FBI Wants to Remove Privacy Protections from its Massive Biometrics Database
EFF and 44 Other Organizations Call for More Time to Respond
Since 2008, the FBI has been assembling a massive database of biometric information on Americans. This database, called Next Generation Identification (NGI), includes fingerprints, face recognition, iris scans and palm prints—collected not just during arrests, but also from millions of Americans for non-criminal reasons like immigration, background checks, and state licensing requirements. Now the FBI wants to exempt this vast collection of data from basic requirements guaranteed under the federal Privacy Act—and it’s giving you only 21 business days to object.
Today, EFF, along with 44 other privacy, civil liberties, and immigrants’ rights organizations, sent a letter to the FBI demanding more time to respond.
What is NGI?
NGI contains well over 100-million individual records that include multiple forms of biometric data as well as personal and biographic information. Although many people assume the FBI’s files only include fingerprints and other data associated with criminal activity, much of these records—nearly 50-million individual files—contain data collected for non-criminal purposes. For example, in some states, you’ll need to give the government your prints if you want to be a dentist, accountant, teacher, geologist, realtor, lawyer or even an optometrist. And, since 1953, all jobs with the federal government have required a fingerprint check—not just jobs requiring a security clearance, but even part-time food service workers, student interns, designers, customer service representatives, and maintenance workers.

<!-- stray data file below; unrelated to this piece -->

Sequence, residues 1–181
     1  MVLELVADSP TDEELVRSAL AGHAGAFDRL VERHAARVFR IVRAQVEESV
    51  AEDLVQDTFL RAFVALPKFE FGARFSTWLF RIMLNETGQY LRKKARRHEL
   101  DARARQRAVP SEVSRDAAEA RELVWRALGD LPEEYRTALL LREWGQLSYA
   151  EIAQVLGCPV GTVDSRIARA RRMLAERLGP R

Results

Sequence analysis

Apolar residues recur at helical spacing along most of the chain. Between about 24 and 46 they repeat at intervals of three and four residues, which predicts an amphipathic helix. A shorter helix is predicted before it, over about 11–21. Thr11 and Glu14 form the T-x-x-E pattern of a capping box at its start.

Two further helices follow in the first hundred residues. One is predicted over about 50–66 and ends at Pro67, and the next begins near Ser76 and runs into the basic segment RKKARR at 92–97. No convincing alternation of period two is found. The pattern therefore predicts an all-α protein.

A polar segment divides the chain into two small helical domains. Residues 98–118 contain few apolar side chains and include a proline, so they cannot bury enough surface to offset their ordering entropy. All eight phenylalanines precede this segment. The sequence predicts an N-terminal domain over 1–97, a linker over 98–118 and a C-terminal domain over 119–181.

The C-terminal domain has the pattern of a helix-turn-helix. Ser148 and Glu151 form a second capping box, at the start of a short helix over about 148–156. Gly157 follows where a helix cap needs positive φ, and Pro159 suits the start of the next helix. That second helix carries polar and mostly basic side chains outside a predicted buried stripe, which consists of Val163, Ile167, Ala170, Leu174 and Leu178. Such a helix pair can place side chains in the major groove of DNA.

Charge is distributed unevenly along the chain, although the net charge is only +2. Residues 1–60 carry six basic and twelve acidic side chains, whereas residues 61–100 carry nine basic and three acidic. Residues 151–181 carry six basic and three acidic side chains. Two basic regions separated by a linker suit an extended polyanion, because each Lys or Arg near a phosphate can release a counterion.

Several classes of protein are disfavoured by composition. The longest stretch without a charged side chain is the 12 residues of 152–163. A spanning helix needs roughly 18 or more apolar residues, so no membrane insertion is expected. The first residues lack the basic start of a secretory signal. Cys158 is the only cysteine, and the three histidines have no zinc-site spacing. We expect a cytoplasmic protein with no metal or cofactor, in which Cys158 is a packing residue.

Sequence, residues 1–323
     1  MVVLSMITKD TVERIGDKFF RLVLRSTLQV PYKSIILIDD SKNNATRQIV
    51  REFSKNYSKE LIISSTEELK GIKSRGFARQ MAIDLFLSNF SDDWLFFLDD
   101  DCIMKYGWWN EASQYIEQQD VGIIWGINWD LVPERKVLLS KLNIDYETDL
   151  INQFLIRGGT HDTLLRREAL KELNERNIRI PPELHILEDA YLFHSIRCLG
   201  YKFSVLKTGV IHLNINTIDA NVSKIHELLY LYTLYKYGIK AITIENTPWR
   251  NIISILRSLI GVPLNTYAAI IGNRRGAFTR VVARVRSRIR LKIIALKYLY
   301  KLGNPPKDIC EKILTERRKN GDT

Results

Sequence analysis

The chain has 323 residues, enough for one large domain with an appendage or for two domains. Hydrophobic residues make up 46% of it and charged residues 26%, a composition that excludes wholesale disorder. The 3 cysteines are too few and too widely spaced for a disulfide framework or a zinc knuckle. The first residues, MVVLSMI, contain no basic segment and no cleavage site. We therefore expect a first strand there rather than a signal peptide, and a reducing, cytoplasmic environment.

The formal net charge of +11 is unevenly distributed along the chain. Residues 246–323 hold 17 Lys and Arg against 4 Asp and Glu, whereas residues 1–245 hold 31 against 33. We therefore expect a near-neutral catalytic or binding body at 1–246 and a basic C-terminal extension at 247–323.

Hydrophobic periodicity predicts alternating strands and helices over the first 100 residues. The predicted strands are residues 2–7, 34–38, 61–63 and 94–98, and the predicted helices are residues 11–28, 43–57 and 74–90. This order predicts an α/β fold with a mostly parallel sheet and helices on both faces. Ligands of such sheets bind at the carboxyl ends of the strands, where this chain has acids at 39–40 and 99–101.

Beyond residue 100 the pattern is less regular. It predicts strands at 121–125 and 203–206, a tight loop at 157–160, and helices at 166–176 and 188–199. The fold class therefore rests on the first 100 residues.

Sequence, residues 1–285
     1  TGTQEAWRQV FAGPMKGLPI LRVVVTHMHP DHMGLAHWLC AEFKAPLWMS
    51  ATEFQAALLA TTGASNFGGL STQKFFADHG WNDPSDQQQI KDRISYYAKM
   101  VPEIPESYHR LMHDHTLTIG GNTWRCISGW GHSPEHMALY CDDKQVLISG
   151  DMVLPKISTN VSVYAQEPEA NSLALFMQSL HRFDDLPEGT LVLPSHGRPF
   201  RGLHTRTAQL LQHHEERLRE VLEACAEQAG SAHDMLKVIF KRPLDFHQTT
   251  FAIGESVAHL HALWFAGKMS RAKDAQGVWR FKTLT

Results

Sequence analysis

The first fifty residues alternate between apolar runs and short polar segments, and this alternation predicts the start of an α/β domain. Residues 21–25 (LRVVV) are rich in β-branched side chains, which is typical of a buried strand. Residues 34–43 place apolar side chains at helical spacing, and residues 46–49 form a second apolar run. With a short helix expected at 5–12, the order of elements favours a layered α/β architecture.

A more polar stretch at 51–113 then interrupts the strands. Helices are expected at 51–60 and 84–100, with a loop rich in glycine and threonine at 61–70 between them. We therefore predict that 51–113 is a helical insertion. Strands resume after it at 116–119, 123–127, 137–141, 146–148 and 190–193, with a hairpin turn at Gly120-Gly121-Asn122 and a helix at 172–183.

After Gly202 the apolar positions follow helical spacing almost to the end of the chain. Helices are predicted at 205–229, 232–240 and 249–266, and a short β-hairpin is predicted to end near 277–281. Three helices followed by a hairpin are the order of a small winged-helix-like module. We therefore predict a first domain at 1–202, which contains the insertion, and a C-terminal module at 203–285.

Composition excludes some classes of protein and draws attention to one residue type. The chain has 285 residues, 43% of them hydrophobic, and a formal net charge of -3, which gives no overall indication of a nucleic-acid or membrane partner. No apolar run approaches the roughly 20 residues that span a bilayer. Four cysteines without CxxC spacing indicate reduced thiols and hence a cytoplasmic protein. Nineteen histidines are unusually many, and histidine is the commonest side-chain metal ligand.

Just last year, the FBI announced that for the first time it would combine almost all of this non-criminal data with its criminal data in NGI. This means that now, if you submit fingerprints for licensing or for a background check, they’ll most likely end up living indefinitely in NGI—to be searched thousands of times a day for any crime, no matter how minor, by over 20,000 law enforcement agencies across the country and around the world.
And while the FBI has said—for now—it’s keeping non-criminal photographs separate from criminal photos in NGI, if you’re ever arrested for any crime—even for blocking a street as part of a First Amendment-protected protest—your non-criminal photographs will be combined with your criminal record and will become fair game for the same criminal database searches as any mug shot photo. As of December 2015, over 8-million civil records were also in the criminal database.
NGI Disproportionately Impacts People of Color
NGI does not affect everyone equally. Thanks to years of well-documented racially biased police practices, the system includes a disproportionate number of African Americans, Latinos, and immigrants. Face recognition—NGI’s cornerstone biometric technology—is notoriously inaccurate across the board. (According to the FBI, NGI may produce a false match—indicating someone is a suspect for a crime they didn’t commit—at least 15% of the time). But research suggests that face recognition may also misidentify African Americans and ethnic minorities, young people, and women at higher rates than whites, older people, and men, respectively. So even though FBI says NGI’s face recognition isn’t designed to positively identify anyone (it produces a ranked list of possible candidates), there’s a very good chance that an innocent person will be put forward as a suspect for a crime just because their image is in NGI—and an even better chance this person will be a person of color.